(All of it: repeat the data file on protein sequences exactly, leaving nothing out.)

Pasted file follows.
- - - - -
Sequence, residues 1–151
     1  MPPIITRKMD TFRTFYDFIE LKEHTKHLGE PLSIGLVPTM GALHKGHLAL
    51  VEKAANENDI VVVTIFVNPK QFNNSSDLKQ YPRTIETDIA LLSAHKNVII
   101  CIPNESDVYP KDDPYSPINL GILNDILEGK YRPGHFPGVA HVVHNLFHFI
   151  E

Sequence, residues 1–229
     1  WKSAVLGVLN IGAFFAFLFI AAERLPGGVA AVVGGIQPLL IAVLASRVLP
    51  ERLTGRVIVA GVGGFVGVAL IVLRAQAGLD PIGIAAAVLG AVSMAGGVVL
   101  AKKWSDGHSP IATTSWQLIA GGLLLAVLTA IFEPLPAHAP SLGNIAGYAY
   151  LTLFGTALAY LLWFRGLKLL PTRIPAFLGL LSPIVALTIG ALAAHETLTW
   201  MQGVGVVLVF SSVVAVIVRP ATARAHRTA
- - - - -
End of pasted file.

Sequence, residues 1–151
     1  MPPIITRKMD TFRTFYDFIE LKEHTKHLGE PLSIGLVPTM GALHKGHLAL
    51  VEKAANENDI VVVTIFVNPK QFNNSSDLKQ YPRTIETDIA LLSAHKNVII
   101  CIPNESDVYP KDDPYSPINL GILNDILEGK YRPGHFPGVA HVVHNLFHFI
   151  E

Sequence, residues 1–229
     1  WKSAVLGVLN IGAFFAFLFI AAERLPGGVA AVVGGIQPLL IAVLASRVLP
    51  ERLTGRVIVA GVGGFVGVAL IVLRAQAGLD PIGIAAAVLG AVSMAGGVVL
   101  AKKWSDGHSP IATTSWQLIA GGLLLAVLTA IFEPLPAHAP SLGNIAGYAY
   151  LTLFGTALAY LLWFRGLKLL PTRIPAFLGL LSPIVALTIG ALAAHETLTW
   201  MQGVGVVLVF SSVVAVIVRP ATARAHRTA